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2494 Views 5 Replies Latest reply: Mar 16, 2010 5:16 PM by Damien Howell
bootsy Amateur 23 posts since
Jul 10, 2007
Currently Being Moderated

Mar 15, 2010 7:51 PM

Anyone else hobbled by kneecap pain?

I have been running seriously for about seven years, I am 41 years old, and I average about 40 miles a week.  I have been thru Plantar Faciitis, ITBS, AT, and scores of pulls and sprains over those years.  Each of these injuries was overcome with patience and each had a root cause-poor form, over-training, bad shoes, etc.  For the past year or so I have been dealing with pain in my kneecaps, it started in my left knee and now it is showing up in the right.


Symptoms: crunchy sounds when bending, squatting; clicking and popping sometimes painful sometimes not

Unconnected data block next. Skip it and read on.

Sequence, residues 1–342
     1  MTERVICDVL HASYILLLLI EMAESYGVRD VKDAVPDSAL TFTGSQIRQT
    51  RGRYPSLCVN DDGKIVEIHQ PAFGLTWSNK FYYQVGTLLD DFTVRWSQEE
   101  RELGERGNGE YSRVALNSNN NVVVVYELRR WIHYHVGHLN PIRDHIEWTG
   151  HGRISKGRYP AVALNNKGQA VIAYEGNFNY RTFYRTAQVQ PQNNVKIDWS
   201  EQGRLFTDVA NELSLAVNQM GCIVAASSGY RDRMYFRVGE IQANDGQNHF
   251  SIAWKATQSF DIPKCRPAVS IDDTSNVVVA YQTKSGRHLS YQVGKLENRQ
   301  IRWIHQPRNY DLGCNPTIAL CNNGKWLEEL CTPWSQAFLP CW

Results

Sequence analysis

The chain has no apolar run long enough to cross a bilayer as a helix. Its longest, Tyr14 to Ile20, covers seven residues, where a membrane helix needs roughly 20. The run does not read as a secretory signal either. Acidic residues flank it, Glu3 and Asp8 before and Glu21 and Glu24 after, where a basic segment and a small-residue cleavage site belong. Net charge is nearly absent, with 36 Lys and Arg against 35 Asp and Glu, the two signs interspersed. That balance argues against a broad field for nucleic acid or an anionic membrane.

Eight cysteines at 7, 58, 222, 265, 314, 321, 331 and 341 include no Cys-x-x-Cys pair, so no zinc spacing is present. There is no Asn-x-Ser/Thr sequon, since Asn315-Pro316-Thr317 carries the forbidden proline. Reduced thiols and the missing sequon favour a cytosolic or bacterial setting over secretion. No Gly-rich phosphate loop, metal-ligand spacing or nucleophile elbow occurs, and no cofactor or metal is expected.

Sharp pain when knee is under load at an angle of 30-40 degrees, lunges are really bad front and back

                  during flareups, it is very painful to kneel on the affected knee.

                  Oftentimes, the pain goes away while running, then is bad after or the next day


I am going to a Orthopaedist next week, not sure what to expect.  I would really appreciate some feedback from people who have endured this and come out the other side, or those who are struggling now just like me.  My favorite marathon is in May, and right now I don't think that it is going to work out.



  • aj01 Pro 143 posts since
    Jul 8, 2008
    Currently Being Moderated
    1. Mar 15, 2010 11:09 PM (in response to bootsy)
    Re: Anyone else hobbled by kneecap pain?

    Even before running, my knees did some creeking and cracking but nothing major and no pain.  Just recently I've had a few minor flare ups but they seem to go away with a little extra rest.  I would try some strengthening excercises that don't aggravate your knee.  You may have some muscle imbalances that are causing your knee cap not to track properly.  Just like you got through your previous injuries with patience and finding the root cause, you'll get through this one and hopefully in time for your marathon.  Mine isn't serious right now but I've got a 1/2 in a month so I'm trying to be cautious.

  • JamesJohnsonLMT Legend 1,288 posts since
    Aug 23, 2009